Tag Archives: wildlife

K- Forester Kangaroo – Macropus giganteus

Welcome to Day 11 of the A-Z Challenge.

For those of you overseas, no doubt you’ll find meeting today’s guest rather exciting because you may be meeting a kangaroo for the first time. Although I’m Australian born and bred, I still love seeing kangaroos, particularly in the wild as you usually don’t see them very often and contrary to some tourists’ hopes, you won’t find them hopping through the city streets.

During our 3 week trip to Tasmania in January, we were mostly staying with friends out in the bush near Devonport. This meant we were immersed in the local wildlife. There were numerous Bennett’s Wallabies, Kangaroos, birds and my son swears he heard a Tasmanian Devil howling in the night. That was all very special, although our daughter wasn’t so keen on the news of the Devil. You see, we often arrived home from our travels rather late at night and even though they eat dead bodies rather than the living, she didn’t want any up close and personal encounters.

Unfortunately, given that there is so much wildlife in Tasmania, especially of the small hopping variety, too many animals find their way on the roads and end up as what we Australians call “Road Kill”. On average, 32 animals are killed every hour on Tasmanian roads.

‘More animals die per kilometre on Tasmanian Roads than anywhere else in the world,’ says Don Knowler, author of Riding the Devil’s Highway.

‘The scale of road kill in Tasmania is just colossal,’ he says, adding that almost 300,000 animals are killed a year, with some groups putting the figure as high as half a million.

Another problem is secondary road kill. Animals like the very, endangered Tasmanian Devil, are run over while feeding on the road.

When we were driving back from Port Arthur at night, you could see the Bennett’s Wallabies in high numbers beside the road and it wasn’t uncommon to see them hopping across the road not far in front of the car and needing to take preventative measures. Unfortunately, we hit a wallaby and when we turned back we found its dead joey beside it. Naturally, I felt sick and and horrified shock that we’d done that to any kind of animal, especially a mother with her joey. There are wildlife groups, like WIRES, which take in injured animals and try to nurse hem back to the wild. Unfortunately, our wallaby and joey had died on impact.

I should also note that as important as it is to avoid hitting animals on the roads, it is also important to consider your own safety. While I was at university, a friend of mine died swerving to avoid a koala on the road and hit a tree.

These are some of the realities behind all those images you see of cute, fluffy Australian marsupials and thankfully there are people trying to increase awareness of the dangers of road kill and caring for injured animals to reduce the toll.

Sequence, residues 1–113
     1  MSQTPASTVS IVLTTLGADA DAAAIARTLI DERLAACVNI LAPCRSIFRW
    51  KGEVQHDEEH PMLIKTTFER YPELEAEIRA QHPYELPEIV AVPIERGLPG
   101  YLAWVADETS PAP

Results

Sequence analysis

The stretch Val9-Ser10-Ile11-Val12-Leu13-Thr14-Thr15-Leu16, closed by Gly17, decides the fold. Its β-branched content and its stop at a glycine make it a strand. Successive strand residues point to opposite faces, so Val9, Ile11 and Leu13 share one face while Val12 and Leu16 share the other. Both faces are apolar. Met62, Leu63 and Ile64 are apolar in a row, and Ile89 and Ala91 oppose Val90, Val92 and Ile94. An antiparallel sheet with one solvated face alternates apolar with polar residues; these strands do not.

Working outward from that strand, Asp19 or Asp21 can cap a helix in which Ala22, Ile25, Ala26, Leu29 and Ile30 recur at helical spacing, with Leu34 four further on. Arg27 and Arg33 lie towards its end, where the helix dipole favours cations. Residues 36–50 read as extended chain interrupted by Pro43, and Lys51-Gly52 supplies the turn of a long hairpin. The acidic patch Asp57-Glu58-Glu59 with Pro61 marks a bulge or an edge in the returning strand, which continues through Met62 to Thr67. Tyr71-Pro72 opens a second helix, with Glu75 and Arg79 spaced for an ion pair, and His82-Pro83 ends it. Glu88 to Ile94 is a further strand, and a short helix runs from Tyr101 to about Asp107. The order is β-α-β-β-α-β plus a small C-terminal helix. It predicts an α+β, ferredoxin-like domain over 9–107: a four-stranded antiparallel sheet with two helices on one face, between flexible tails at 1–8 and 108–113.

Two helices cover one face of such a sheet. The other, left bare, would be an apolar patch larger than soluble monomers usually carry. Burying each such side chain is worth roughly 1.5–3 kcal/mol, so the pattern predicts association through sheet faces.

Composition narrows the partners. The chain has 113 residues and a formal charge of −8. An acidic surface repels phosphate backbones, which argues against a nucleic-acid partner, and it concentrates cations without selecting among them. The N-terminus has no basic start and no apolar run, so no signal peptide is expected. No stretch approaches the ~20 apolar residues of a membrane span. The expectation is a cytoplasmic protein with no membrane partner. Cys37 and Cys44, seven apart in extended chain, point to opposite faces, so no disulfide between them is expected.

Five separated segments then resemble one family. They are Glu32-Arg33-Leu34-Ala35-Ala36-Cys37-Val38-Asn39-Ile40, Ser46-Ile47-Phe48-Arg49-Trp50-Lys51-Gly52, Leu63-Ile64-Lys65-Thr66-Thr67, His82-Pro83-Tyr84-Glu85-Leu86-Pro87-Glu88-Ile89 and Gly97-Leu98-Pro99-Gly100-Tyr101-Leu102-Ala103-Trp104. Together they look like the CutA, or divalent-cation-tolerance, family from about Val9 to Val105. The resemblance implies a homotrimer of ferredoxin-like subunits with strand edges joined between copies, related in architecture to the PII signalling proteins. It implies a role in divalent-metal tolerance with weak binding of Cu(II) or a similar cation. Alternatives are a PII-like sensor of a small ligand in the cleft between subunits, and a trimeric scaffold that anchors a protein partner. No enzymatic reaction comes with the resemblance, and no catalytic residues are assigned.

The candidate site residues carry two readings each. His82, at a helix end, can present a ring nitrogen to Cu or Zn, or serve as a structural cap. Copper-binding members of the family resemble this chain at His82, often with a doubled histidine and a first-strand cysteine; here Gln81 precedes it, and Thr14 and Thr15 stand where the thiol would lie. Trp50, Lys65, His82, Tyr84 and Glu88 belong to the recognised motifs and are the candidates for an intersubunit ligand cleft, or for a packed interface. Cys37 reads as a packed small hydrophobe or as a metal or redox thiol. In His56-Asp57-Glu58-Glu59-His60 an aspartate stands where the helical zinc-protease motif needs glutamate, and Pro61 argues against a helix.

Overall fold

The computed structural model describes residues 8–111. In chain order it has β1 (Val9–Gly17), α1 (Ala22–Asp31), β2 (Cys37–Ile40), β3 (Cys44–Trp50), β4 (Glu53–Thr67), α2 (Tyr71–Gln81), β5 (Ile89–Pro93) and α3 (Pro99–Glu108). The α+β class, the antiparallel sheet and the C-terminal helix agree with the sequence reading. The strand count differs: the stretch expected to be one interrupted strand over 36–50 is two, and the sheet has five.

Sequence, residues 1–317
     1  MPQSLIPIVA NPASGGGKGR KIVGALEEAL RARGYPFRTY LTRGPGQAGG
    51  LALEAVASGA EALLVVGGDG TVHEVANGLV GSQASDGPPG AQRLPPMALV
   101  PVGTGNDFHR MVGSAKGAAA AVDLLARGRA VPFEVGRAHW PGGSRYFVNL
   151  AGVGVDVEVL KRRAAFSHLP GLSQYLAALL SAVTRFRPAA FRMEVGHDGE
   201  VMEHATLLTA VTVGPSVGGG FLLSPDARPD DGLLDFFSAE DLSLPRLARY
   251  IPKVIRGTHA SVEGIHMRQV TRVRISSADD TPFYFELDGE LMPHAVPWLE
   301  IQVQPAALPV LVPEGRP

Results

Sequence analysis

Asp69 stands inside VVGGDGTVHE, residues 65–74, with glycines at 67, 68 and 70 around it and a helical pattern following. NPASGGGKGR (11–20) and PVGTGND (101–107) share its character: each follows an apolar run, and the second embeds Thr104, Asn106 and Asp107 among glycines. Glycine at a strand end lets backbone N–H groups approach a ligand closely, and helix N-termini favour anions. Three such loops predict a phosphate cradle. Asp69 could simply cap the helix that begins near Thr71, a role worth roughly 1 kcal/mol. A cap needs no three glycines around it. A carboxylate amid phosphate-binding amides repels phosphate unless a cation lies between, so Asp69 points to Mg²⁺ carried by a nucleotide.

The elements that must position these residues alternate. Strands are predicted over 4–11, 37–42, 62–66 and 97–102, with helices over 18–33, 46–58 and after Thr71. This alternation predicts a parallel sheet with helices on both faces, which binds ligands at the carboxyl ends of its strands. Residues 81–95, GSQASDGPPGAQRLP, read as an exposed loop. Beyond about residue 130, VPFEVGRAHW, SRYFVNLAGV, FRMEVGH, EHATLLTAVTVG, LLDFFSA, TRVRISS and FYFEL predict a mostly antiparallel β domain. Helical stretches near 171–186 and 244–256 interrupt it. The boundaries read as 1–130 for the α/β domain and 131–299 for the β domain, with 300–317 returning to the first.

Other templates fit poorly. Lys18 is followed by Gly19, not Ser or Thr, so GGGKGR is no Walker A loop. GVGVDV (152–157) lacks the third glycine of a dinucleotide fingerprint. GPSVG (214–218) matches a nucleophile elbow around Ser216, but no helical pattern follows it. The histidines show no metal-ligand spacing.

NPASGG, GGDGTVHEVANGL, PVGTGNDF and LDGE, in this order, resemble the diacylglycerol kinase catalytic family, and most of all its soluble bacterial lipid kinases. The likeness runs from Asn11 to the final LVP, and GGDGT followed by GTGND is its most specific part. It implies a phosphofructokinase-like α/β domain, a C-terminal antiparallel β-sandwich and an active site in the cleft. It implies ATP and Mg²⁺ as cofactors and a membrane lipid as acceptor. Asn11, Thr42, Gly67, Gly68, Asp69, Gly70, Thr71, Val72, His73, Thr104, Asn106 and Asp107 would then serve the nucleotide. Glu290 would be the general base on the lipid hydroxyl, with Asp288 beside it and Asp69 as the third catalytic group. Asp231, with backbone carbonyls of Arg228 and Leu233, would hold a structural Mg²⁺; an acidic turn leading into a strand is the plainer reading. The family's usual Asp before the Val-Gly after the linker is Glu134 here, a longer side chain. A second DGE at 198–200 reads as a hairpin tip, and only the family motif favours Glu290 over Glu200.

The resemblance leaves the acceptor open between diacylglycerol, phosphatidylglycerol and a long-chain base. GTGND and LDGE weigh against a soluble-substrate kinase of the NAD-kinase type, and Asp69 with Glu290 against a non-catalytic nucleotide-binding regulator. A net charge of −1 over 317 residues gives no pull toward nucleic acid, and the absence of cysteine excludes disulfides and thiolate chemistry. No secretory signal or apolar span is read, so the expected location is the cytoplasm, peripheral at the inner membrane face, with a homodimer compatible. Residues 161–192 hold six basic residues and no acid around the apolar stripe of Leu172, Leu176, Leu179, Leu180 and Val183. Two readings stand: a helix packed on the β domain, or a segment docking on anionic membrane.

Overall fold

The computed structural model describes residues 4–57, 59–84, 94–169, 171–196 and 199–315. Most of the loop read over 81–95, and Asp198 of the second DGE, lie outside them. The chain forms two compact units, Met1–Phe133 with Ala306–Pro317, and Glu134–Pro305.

Yet, more must be done.

xx Rowena

Reference

http://www.abc.net.au/radionational/programs/offtrack/tasmania-roadkill-capital-of-the-world/7021816http://www.abc.net.au/radionational/programs/offtrack/tasmania-roadkill-capital-of-the-world/7021816

 

Black Swan Lake, Tasmania.

Just as well Geoff was driving from Port Arthur to Devonport. As I kept spotting all sorts out the window forcing photo stops galore, we needed a driver with their eyes fixed on the road.That was never going to be me!

I’d also argue that we needed a dedicated lookout as well. Not just to keep an eye out for photo opportunities and darting wildlife, but for us all to fully appreciate the journey as well as the destination.

To be perfectly honest, it wasn’t long after our last photo stop when I spotted this dam dotted with black swans. Coming from Sydney where I’ve never seen a wild swan of either sort, seeing so many black swans all at once was a definite thrill. So, this apparition was definitely worth stopping for.

Like so many things Down Under, things seen to be the reverse of what’s in Europe and the Black Swan was only another example. Indeed, for Europeans, finding the black swan was akin to finding the mythical unicorn.

You see, the black swan had long been used as a metaphor in mythology, referring to something which doesn’t exist. In AD 82, the Roman satirist Juvenal wrote in  of rara avis in terris nigroque simillima cygno (“a rare bird in the lands, and very like a black swan”).[6] He meant something whose rarity would compare with that of a black swan, or in other words, as a black swan did not exist, neither did the supposed characteristics of the “rare bird” with which it was being compared. The phrase passed into several European languages as a popular proverb, including English, in which the first four words (“a rare bird in the land”) are often used ironically. For some 1500 years, the black swan existed in the European imagination as a metaphor for that which could not exist.

In 1697, The Dutch explorer Willem de Vlamingh made the first European record of sighting a black swan, when he sailed into, and named, the Swan River on the western coast of New Holland. The sighting was significant in Europe, where “all swans are white” had long been used as a standard example of a well-known truth.